It got us worried but Spring is finally here, wiping away the dullness that the cold winter brought with it.
I had taken a long walk within Kings Park and came to the Botanic Garden, perched high on the Mt. Eliza scarp. As I walked through the garden, I could see the flowers blossom, arrayed in their radiant colours and the bees, those hard workers, busy pollinating them. One flower at a time. The scent from the flowers are amazing and surprisingly therapeutic. Nature, majestic in its simplicity filled my eyes with all the primary colours and more.
I thought of the differences in the forms, shapes and colours of the different plants curated in the garden, the importance of each plant and the fact that each thrives and prospers within the same space inhabited by others. Oh boy, how nature abounds in diversity! As I walked, I came across people of different creed, nationalities, sizes and shapes. The garden was bustling with activities, all of us present people were engaged in things that excite of senses. Kings Park is always welcoming, it has been this way for generations and will likely be till eternity.
I exited the garden and within a matter of steps turned into the Kokodas Way, a tree lined short walk. Here, the radiance of the garden gave way to sobriety. I paused for a sober reflection as many before me might have done and many after me would do too. There, at the foot of each tree is a black plaque wrought of molten metal stating a name, the place of death and year. These are memorials to the thousands of Australians lost in combat through the ages.
What caught my attention was the plaque to a soldier said to have mistakenly been killed. I thought of his last seconds on earth, shocked probably but definitely angry. How could this have been? Being hit by an enemy’s bullet is one thing, being felled by the bullets of your “mates” is another! The grief and agony of the shooter and his mates would definitely have followed. It must have been brutal, one that might have taken years of therapy and counseling to heal, if it ever healed at all. For good reason, I suppose. The name of the shooter was kept secret by the military. No parent would like to know the person whose error resulted in the death of their own child.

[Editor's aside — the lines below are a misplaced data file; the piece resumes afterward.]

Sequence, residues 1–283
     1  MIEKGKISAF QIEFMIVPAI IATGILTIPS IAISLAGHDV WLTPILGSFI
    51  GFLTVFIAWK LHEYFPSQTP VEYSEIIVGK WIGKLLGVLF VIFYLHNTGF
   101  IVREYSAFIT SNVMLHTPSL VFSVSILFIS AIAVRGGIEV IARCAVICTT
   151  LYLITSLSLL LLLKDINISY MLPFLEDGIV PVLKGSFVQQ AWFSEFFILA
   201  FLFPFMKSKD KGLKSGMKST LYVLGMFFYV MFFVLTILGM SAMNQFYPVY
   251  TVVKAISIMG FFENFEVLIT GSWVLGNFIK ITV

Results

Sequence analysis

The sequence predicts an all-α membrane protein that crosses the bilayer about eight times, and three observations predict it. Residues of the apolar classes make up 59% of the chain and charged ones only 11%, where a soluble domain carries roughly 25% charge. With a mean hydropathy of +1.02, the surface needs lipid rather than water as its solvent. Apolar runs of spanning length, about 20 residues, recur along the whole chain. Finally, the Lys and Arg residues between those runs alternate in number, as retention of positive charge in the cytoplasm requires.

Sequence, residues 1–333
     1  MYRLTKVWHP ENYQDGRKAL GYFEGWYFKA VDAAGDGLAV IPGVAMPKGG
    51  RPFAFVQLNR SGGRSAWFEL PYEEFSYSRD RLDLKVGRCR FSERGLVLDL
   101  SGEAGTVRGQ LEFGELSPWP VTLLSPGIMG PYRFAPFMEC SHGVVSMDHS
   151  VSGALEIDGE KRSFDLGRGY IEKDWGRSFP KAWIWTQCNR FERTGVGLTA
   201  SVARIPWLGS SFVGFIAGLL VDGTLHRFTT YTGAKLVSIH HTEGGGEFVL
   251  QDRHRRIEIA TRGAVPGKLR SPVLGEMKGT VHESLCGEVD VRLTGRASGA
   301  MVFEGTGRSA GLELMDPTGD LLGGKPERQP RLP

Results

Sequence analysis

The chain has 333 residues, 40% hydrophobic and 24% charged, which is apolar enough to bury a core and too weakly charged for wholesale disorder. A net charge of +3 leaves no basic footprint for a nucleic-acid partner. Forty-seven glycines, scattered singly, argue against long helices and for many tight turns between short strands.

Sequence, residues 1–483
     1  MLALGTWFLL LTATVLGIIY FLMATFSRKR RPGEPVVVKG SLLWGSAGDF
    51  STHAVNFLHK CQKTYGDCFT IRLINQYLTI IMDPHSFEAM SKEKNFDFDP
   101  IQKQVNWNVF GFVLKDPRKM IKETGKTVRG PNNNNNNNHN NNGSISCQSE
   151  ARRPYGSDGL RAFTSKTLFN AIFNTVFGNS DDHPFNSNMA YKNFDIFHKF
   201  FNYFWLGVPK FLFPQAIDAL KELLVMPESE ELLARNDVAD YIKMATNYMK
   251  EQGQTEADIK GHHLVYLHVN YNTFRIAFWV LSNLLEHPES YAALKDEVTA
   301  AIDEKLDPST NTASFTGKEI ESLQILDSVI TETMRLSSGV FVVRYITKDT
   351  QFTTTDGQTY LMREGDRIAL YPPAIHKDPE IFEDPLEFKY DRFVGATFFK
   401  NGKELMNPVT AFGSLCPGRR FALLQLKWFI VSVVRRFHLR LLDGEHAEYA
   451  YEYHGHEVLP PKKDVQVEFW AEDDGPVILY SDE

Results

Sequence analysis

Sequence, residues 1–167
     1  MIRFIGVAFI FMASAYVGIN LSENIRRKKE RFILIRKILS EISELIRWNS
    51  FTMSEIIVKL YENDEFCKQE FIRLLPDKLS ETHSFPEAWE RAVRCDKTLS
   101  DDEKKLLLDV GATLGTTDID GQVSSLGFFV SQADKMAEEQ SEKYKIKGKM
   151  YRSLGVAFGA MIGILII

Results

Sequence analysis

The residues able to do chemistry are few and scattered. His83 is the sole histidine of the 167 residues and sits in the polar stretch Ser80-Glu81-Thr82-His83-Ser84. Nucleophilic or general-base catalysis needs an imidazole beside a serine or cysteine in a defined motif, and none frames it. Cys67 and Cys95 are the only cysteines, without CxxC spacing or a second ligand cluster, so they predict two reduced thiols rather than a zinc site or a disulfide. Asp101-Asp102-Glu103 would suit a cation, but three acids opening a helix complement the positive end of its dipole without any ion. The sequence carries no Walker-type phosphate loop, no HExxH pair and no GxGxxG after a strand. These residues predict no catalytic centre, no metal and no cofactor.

I also thought of something else, wars. The previous night, I finished reading Medea, an ancient Greek tragedy written by Euripides. The words said by Medea readily came to my mind. Standing there in Athens, having been betrayed by the love of her life, to whom she had given all, even betrayed her father to steal the golden fleece, she said:
“I’d three times go to war
Than suffer childbirth once”
I wondered if she, being afforded the opportunity to stand here at the Kokodas Way, would have uttered these lines? All around me is silent but in this silence, the plaques are shouting. Loudly, to all to hear that there are heavy prices to pay in wars. The agony of mothers being delivered the bad news of the death of their kids? Of wives and kids being told of the death of their husbands, their fathers. Birth pangs are in no way comparable to these, no not at all. The pains of childbirth will come and go but that of wars linger on for a lifetime.
If Medea truly knew what war entails, she would be horrified by her statement. Shouldn’t we be as well? As the drums of war gets beaten around us, may we be solemn for a moment and visit a war memorial? I guess if we all do this, many will sooner come to the table to jaw-jaw rather than war-war.